When your domain name gets stolen…

This is a guest post by my friend, Bill Hartzer, who I’ve known for over a decade as a world-class SEO and domain expert. We have 431 mutual friends on Facebook.

I saw him share this knowledge on Facebook and absolutely had to share it here on my blog with his permission.

As you may (or may not) know, I run a company called DNProtect.

We protect domain names, offer a domain name protection service, and also recover stolen domain names. Unfortunately recovering domain names takes up quite a bit of my time, as it’s a huge problem that no one talks about.

People are literally waking up in the morning, their email doesn’t work, their website is down, and they quickly realize that their domain name has been stolen. DNProtect is the ONLY company that currently offers a service to recover domain names.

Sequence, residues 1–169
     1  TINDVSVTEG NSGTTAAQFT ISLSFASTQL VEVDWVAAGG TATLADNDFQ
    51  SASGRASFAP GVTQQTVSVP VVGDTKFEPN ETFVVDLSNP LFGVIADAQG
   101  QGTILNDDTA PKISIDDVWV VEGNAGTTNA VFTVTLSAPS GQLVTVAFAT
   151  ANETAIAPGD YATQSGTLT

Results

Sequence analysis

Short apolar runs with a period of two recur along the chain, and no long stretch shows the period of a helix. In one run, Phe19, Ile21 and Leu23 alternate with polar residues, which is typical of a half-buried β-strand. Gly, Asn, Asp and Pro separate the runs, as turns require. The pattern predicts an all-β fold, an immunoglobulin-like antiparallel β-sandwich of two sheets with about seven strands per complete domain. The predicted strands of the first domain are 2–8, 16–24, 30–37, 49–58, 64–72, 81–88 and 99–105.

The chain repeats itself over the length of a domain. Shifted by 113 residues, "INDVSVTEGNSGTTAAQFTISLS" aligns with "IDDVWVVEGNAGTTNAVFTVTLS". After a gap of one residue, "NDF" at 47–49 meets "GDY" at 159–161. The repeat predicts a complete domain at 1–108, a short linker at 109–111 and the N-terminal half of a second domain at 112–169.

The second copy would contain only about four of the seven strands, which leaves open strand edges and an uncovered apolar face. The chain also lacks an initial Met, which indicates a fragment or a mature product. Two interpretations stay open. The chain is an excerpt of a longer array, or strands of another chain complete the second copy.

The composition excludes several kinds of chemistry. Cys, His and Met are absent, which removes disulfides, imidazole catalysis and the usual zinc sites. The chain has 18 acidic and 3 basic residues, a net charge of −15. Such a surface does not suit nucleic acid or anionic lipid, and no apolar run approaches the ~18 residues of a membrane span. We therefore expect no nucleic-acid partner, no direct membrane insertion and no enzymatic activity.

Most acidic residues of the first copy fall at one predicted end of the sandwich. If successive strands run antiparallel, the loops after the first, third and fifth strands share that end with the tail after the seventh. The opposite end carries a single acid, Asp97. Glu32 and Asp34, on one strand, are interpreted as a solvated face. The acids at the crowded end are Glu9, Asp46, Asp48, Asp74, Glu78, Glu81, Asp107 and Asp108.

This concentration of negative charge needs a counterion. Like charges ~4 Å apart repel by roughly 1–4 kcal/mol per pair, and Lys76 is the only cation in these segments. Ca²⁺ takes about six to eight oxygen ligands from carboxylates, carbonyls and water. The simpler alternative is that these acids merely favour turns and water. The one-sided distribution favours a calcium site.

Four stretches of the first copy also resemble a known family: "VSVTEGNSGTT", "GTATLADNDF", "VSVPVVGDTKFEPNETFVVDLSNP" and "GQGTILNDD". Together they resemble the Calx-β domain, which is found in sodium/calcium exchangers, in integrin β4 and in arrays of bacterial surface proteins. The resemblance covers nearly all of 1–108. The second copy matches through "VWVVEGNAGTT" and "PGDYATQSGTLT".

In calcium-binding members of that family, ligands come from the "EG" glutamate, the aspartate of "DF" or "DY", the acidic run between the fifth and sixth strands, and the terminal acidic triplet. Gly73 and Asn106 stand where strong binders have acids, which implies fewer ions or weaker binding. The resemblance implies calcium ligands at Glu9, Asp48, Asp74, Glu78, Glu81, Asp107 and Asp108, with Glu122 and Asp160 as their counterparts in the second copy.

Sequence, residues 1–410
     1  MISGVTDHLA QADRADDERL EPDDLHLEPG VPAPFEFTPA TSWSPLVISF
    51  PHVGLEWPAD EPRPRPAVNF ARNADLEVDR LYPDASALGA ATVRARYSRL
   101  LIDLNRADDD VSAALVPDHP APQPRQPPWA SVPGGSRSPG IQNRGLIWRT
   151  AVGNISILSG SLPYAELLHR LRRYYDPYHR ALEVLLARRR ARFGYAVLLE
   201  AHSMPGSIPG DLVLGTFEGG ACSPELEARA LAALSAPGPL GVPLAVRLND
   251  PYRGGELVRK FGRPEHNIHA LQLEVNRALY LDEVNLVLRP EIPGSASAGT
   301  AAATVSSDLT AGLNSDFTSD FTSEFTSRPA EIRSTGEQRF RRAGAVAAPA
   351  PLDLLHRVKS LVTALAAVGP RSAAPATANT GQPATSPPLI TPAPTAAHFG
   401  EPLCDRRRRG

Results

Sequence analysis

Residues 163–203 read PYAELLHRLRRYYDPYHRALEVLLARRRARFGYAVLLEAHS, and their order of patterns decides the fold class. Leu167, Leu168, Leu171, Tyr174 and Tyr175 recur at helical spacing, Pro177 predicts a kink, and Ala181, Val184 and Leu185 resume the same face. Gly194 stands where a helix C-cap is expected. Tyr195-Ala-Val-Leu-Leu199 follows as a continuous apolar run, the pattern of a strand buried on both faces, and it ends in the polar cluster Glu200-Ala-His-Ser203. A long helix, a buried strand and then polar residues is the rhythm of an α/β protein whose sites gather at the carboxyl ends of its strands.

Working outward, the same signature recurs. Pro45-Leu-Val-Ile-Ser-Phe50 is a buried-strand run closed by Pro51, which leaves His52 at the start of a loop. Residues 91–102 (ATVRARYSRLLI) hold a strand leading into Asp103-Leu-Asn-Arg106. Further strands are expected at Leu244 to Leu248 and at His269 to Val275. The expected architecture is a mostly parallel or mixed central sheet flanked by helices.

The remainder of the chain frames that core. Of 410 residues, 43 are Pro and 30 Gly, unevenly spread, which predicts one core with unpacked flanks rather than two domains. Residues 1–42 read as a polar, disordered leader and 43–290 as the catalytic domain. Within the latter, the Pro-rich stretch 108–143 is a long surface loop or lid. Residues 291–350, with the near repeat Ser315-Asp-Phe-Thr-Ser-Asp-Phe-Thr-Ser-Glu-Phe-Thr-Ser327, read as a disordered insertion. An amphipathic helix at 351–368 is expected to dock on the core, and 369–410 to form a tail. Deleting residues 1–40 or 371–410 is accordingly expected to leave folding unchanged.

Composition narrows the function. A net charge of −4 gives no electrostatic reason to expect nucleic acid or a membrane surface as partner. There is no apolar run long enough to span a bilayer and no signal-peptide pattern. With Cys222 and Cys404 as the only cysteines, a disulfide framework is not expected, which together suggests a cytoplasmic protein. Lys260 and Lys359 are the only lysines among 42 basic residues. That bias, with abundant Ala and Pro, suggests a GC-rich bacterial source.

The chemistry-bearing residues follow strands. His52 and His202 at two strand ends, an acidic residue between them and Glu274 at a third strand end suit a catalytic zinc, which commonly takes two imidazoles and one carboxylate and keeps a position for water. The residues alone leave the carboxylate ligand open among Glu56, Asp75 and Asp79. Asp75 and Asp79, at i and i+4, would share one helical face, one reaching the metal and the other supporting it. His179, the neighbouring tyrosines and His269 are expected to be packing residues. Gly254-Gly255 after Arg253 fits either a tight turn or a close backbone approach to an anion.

Your domain name is your most important asset. If you lose it, your website is down, email doesn’t work. And if you’re selling stuff online or you’re getting your leads that way, it can be a HUGE hit to your business.

Your business STOPS instantly if you lose your domain name.

I am flabbergasted, to say the least, that people have less security on their domain name(s) than they do on their websites. They pay a domain registrar the least possible for domain registration services. And don’t pay attention to their domain name.

But one mistake can literally take away your business overnight.

I see this happening over and over again, several times a day because I personally help people recover their stolen domain names. It’s tough to see someone desperate to get their domain name back after it’s stolen, and I never want to see YOU in this situation.

Frankly, I do not want to ever have to talk to you about your stolen domain name.

So, here are some things that I have learned after recovering a LOT of stolen domain names for clients. These are things that are easy to do, and things that I wish my clients had done so they wouldn’t be hiring me to recover their stolen domain.